The Very Rev Graham Smith describes his time as Dean of Norwich as “an enormous privilege”
The Very Rev Graham Smith is stepping down as Dean of Norwich after almost a decade in the role. As he bids farewell to the city and county, he talks to reporter Emma Knights about his time at Norwich Cathedral.
'An enormous privilege' is the way the Very Rev Graham Smith sums up his time as the Dean of Norwich.
'I'm immensely sad to be leaving. Nine years has flown by. It's been an extraordinary experience being at the heart of a great cathedral.
'It's all built around a rhythm, a daily rhythm of prayer and worship, and to be part of that rhythm is an enormous privilege,' said the 66-year-old Dean, whose last service before retiring was yesterday.
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The Dean, who has been ordained for 37 years and was previously Team Rector of Leeds Parish Church, came to Norwich in 2004.
He said it had been an honour to work in the surrounds of 'the finest Romanesque cathedral in the world,' and paid tribute to the tremendous team of dedicated staff and volunteers who he said all contribute to the incredible friendliness and warmth of Norwich Cathedral.
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Alongside his important duties of leading Christian worship, the Dean has played a key role in shaping the cathedral's future, in terms of the building itself and also its relationship with the whole Norfolk community, both religious and non-religious.
He said perhaps his biggest highlight and also his biggest challenge was overseeing the completion of the £12.5m Hostry and Refectory project which was opened by the Queen and the Duke of Edinburgh in May 2010.
The Dean arrived at Norwich Cathedral at the point where the Refectory had just been completed, and more fundraising was needed for the construction of the Hostry.
He paid tribute to the extraordinary generosity of many individuals and organisations and the many extremely dedicated people who worked so hard to make the Hostry vision a reality.
'The fundraising for the Hostry was a very, very big challenge indeed because we had been doing that for so long,' he said.
'I think alongside that the challenge was really to promote the vision of what the purpose of this new building was, what difference it would make.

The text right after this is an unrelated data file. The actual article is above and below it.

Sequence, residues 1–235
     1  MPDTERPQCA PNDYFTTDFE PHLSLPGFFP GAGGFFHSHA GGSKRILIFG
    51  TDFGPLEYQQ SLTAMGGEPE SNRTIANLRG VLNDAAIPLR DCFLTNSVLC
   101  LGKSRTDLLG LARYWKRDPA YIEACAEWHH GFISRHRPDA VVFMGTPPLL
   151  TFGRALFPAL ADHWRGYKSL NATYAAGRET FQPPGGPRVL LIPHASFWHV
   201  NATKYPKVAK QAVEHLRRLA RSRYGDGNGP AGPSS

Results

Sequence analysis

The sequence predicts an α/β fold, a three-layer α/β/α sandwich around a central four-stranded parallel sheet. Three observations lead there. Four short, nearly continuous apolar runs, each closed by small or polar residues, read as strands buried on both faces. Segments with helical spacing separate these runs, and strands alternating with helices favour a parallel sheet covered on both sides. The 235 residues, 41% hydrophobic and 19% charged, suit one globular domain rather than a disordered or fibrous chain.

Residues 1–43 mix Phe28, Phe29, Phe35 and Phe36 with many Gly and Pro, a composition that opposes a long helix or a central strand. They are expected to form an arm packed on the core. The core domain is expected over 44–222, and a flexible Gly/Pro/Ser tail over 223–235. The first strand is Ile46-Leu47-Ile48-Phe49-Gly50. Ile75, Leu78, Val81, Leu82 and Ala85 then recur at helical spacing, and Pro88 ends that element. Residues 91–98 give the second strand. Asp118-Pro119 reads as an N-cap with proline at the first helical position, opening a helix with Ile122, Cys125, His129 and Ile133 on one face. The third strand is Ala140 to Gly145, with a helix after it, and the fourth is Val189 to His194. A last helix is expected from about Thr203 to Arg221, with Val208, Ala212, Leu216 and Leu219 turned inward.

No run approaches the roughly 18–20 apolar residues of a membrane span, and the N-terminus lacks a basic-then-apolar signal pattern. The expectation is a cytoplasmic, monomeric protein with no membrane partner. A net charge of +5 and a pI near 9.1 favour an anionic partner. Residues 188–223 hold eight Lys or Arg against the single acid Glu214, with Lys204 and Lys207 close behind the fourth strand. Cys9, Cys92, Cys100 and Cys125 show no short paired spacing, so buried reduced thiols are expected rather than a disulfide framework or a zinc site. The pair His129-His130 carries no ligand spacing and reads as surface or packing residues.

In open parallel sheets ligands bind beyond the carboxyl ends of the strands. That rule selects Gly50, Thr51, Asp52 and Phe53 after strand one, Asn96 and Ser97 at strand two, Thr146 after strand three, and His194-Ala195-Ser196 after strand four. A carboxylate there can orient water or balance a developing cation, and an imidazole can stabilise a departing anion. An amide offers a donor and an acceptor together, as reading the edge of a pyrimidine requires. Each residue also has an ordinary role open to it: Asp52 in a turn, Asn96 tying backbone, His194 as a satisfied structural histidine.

'We live in fast changing times and the whole reason for the Hostry was that the Chapter, who are responsible for the cathedral, realised that the cathedral had to be more than just a place where church services took place, that is its primary function without a shadow of a doubt, but we've got to be able to encourage people to come for other reasons as well, and with these new buildings we would be able to attract people for educational purposes, for business conferences and community events.'
Thankfully all the hard work was a success and the Hostry has gone on to become a popular venue, hosting an array of functions, events and exhibitions and bringing an extra dimension to the cathedral, but the Dean reflected that it may have been close to being a different story.
'I sometimes say that it is by the grace of God that we got the money in just in time before the financial world started falling apart. I think had we been six months behind on our fundraising there would have been a real question as to whether we could have placed an order for the construction of the new Hostry. It was that close.'
Another challenge during the Dean's time in Norwich was resisting pressure to charge an entry fee to visitors to the cathedral.
'A lot of cathedrals do this now, and I was absolutely determined we shouldn't do that because the cathedral belongs to us all,' he said.
'It's all wrong in my view that you should have to pay to come into a place of worship, and so we devised a system whereby people were invited to make a donation but were not required to do so.'
Looking to raise funds in other ways, the cathedral allowed a production company to use part of the building in 2011 to film scenes for the movie Jack the Giant Slayer starring Ewan McGregor.
'The nave was taken out of commission for four weeks for that but the services continued in the east end of the cathedral everyday so there was no question of the cathedral closing,' the Dean said.